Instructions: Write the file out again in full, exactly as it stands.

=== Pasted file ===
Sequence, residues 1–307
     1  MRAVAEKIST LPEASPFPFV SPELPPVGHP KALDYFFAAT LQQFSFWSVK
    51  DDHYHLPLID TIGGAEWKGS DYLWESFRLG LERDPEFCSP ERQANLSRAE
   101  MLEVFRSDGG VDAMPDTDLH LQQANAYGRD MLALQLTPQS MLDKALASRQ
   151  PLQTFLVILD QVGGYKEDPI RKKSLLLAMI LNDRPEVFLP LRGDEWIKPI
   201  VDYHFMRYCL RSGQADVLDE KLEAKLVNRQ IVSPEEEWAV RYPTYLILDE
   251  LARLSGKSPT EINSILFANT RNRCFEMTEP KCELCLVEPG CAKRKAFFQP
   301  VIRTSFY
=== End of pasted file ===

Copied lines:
Sequence, residues 1–307
     1  MRAVAEKIST LPEASPFPFV SPELPPVGHP KALDYFFAAT LQQFSFWSVK
    51  DDHYHLPLID TIGGAEWKGS DYLWESFRLG LERDPEFCSP ERQANLSRAE
   101  MLEVFRSDGG VDAMPDTDLH LQQANAYGRD MLALQLTPQS MLDKALASRQ
   151  PLQTFLVILD QVGGYKEDPI RKKSLLLAMI LNDRPEVFLP LRGDEWIKPI
   201  VDYHFMRYCL RSGQADVLDE KLEAKLVNRQ IVSPEEEWAV RYPTYLILDE
   251  LARLSGKSPT EINSILFANT RNRCFEMTEP KCELCLVEPG CAKRKAFFQP
   301  VIRTSFY